As the Gazelle continued to serve into the 21st century, several major modernization and upgrade programs were undertaken, commonly adding new avionics to increase the aircraft's capabilities. Aerotec group offered an overhaul package to existing operators, which comprised upgraded ballistic protection, night vision goggles, new munitions including rockets and machine guns, and 3D navigational displays; as of 2013, Egypt is said to be interested in upgrading their domestically-build Gazelles.[25] QinetiQ developed a Direct Voice Input (DVI) system for the Gazelle, it has been installed and is operating on those aircraft used by the British Army Air Corps; the DVI system enables voice control over many aspects of the aircraft, lowering the demands placed upon the crew.[26] In September 2011, QinetiQ and Northrop Grumman proposed outfitting former British Gazelles with autonomous flight management systems derived from the Northrop Grumman MQ-8 Fire Scout, converting them into unmanned aerial vehicles (UAV)s to meet a Royal Navy requirement for an unmanned maritime aerial platform.[27]

Operational history


During the 1980s, China acquired eight SA 342L combat helicopters; these were the first dedicated attack helicopters to be operated by the People's Liberation Army. The purchase of further aircraft, including licensed production of the aircraft in China, had been under consideration, but this initiative was apparently abandoned following the end of the Cold War. The small fleet was used to develop anti-armour warfare tactics, Gazelles have also been frequently used to simulate hostile forces during military training exercises.[28]


A French SA341F2 helicopter in the desert during Operation Desert Shield

The French Army have deployed the Gazelle overseas in many large-scale operations, often in support of international military intervention efforts; including in Chad (in the 1980s),[29] the former Yugoslavia (1990s), Djibouti (1991–1992),[30] Somalia (1993), Cote d'Ivoire (2002–present) and Afghanistan (2002–present). In 1990-1991, upwards of 50 French Gazelles were deployed as part of France's contribution to coalition forces during the First Gulf War;[31] during the subsequent military action, known as Operation Desert Storm, HOT-carrying Gazelles were employed by multiple nations, including Kuwait's air force, against Iraqi military forces occupying neighbouring Kuwait.[32] During the coalition's offensive into Kuwait, French Gazelles adopted a tactic of continuous waves strafing enemy tanks, vehicles, and bunkers during high speed passes.[33]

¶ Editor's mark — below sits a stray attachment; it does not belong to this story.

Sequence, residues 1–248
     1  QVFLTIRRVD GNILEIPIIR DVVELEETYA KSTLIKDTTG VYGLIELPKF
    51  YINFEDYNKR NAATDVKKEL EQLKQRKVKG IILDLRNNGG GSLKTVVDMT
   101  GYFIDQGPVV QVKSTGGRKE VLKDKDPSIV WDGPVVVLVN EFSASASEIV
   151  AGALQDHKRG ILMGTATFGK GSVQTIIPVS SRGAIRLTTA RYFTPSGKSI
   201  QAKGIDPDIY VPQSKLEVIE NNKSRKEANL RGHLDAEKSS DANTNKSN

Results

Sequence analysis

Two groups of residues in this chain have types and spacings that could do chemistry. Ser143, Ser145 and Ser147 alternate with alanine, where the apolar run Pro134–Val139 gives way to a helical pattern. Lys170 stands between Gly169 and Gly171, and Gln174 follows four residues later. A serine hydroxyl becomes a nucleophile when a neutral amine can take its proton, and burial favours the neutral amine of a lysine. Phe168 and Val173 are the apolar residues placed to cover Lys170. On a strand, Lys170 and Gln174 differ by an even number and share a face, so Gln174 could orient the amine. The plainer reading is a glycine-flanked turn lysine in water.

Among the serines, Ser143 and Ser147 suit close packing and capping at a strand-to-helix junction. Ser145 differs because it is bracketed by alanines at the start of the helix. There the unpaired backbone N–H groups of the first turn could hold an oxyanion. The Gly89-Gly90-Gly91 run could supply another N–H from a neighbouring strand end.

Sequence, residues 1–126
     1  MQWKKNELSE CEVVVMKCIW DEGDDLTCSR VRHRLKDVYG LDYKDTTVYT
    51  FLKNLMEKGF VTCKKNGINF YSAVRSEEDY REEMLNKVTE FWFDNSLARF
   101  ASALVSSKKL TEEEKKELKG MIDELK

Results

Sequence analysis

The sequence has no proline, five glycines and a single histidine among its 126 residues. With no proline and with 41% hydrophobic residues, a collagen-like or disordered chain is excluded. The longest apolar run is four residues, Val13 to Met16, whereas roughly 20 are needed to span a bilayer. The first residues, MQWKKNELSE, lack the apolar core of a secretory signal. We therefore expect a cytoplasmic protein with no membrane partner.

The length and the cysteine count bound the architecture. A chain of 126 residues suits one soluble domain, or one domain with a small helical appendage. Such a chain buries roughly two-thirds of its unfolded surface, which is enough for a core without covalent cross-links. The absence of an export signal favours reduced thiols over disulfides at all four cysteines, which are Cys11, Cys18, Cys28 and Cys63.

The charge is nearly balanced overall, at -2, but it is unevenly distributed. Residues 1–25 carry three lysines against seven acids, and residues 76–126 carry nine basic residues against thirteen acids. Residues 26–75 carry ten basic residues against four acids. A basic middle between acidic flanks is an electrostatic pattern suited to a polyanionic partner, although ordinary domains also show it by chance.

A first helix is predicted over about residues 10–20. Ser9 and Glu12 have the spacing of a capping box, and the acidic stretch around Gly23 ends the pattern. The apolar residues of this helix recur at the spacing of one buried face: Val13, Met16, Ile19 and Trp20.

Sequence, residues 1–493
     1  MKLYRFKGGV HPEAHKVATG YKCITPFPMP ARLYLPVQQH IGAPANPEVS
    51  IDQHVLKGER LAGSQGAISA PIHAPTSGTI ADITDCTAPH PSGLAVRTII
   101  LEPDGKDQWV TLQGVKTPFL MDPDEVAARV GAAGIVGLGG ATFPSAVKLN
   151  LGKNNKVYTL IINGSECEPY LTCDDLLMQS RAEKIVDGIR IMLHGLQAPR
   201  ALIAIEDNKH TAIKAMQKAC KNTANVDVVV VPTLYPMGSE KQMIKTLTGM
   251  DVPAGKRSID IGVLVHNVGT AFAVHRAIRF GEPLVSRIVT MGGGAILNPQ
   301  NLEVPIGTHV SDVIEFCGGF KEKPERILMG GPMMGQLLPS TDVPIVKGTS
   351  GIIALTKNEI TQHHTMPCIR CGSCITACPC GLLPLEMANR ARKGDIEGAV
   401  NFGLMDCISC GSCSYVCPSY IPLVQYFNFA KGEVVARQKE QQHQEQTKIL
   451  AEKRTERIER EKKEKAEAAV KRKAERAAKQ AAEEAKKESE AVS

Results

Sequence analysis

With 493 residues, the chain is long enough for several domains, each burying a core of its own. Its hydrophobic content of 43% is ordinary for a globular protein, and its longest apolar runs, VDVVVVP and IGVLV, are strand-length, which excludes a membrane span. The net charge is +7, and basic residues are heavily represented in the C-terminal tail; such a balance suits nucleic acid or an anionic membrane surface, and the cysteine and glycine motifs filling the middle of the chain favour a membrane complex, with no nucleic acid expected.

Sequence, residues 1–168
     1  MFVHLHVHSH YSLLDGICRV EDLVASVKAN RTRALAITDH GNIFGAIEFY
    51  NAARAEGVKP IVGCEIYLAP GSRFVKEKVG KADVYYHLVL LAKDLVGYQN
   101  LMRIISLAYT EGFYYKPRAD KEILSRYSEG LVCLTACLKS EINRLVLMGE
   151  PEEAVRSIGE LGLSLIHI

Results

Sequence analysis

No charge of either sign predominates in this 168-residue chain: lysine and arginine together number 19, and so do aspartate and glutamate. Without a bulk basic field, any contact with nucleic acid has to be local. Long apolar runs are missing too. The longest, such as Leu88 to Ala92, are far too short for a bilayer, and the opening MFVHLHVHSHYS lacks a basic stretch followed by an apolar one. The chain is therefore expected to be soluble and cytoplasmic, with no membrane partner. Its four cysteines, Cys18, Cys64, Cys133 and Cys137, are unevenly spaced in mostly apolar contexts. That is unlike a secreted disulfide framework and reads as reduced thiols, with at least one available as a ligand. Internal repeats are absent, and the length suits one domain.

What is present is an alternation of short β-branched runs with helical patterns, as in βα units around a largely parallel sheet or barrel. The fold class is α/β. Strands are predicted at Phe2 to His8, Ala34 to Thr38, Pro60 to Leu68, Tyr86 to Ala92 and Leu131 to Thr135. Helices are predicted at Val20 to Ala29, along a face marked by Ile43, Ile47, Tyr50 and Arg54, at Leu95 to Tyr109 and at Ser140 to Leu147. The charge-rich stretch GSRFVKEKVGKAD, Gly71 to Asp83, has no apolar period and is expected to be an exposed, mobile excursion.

Gazelles have often been dispatched to support and protect UN international missions, such as the 1992 intervention in the Bosnian War.[34] In addition to performing land-based operations, French Gazelles have also been frequently deployed from French naval vessels. In April 2008, witnesses reported up to six French Gazelles reportedly firing rockets upon Somali pirates during a major counter-piracy operation.[35] During the 2011 military intervention in Libya, multiple Gazelles were operated from the French Navy's amphibious assault ship Tonnerre; strikes were launched into Libya against pro-Gadhafi military forces.[36]